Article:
People often say that the baby boomers like to put their generational stamp on things. Well, it appears that now they’re doing to the field of senior housing. The “advance wave” of this huge group of men and women is now a few years into their 70’s, and while a majority still prefers to age in place in their own home, a growing number seem to be rejecting conventional housing choices and seeking out new living alternatives.
Maybe that’s what attracted our attention to this interesting article that we just discovered on the website Kaiser Health News. This article talks about the growing trend toward co-housing – still a tiny segment of the senior housing market, but clearly an expanding one. “In 2010,” writes the author Sharon Jayson, “no U.S. cohousing communities were geared toward seniors.” There are now 13 co-housing communities targeting the 55-and-older demographic, with another 15 either under construction or in the early planning stages. The title of the Kaiser article says it all: “For Active Seniors, Cohousing Offers A Cozier Alternative To Downsizing.”
C0-housing, as the name implies, is a newer form of living where some spaces are private and others are shared. It is definitely not a throwback to the 1960’s. “It’s not a commune,” writes Jayson, “and there’s no sharing of income, though decision-making is by consensus.” The whole concept is built around shared resources, from simple things like lawnmowers and tools to shared living spaces including a communal kitchen “clustered near a common space where homeowners meet regularly to share meals and build community.” There’s often an apartment or other guest quarters for out-of-town visitors, shared by the residents. Homes are private, but smaller. Typically the community is organized like a condominium or homeowners association, with a board and regular monthly dues to maintain common facilities.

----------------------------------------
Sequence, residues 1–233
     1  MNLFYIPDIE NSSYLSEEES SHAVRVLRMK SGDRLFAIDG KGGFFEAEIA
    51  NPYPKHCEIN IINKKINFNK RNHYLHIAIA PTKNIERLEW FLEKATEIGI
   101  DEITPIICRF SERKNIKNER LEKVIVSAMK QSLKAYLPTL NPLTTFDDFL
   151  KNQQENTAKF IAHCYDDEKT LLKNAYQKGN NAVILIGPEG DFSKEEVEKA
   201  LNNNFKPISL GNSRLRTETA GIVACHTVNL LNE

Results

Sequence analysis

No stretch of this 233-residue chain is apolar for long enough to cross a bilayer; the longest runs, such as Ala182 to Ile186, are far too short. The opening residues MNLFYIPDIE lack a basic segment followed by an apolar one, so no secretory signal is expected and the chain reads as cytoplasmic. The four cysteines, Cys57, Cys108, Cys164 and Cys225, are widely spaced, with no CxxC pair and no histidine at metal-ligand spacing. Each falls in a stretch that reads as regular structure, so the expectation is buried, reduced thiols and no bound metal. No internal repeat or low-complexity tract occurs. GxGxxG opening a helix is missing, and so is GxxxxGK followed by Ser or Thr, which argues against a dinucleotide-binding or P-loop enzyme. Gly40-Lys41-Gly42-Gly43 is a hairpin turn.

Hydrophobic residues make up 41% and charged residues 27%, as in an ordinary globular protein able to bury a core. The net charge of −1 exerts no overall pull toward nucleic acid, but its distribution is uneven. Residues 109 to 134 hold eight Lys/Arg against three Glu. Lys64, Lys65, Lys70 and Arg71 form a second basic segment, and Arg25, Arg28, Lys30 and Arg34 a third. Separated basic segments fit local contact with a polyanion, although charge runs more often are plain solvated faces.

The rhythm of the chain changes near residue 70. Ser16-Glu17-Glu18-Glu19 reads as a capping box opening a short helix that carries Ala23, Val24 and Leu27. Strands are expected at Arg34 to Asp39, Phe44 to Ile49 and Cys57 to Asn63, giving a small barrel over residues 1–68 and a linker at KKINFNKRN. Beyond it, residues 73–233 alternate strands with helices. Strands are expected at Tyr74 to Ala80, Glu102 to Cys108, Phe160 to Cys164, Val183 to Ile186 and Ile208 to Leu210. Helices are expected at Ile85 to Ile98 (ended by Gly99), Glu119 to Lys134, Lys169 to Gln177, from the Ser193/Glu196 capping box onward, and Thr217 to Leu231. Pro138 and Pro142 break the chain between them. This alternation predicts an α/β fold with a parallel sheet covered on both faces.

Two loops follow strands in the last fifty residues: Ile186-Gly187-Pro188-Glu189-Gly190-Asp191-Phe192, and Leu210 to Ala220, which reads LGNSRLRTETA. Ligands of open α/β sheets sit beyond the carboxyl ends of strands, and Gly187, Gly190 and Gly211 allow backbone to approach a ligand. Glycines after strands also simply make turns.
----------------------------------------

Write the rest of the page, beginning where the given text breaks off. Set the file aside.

This kind of housing development is not necessarily new: there are nearly 170 co-housing communities nationwide. However, almost all are intergenerational, writes Kaiser Health News. What appears to be new and different is the trend toward co-housing that is strictly for seniors, many of whom desire to downsize into a space that’s easier to manage while still maintaining a strong sense of community and closeness with like-minded neighbors. These boomers are often not interested in what they perceive as stodgy living in a traditional retirement residence. “As increasing numbers of aging adults eschew the idea of institutional living, cohousing has become an attractive option,” says Sharon Jayson.
There’s even a group called the Cohousing Association of the United States, or Coho/US for short. Recognizing the growing interest of seniors in co-housing, the association this year launched an initiative called Aging in Cohousing in order to help communities launch new projects – or as they put it, “to empower cohousing communities to create physical and social environments that allow people to flourish as they get older.” The concept revolves around age-friendly communities that have been designed to allow seniors to age in place, with residents providing what the association calls “some level of co-care for aging members.” It’s an ambitious initiative, and if you want to learn more, here’s a link to their website.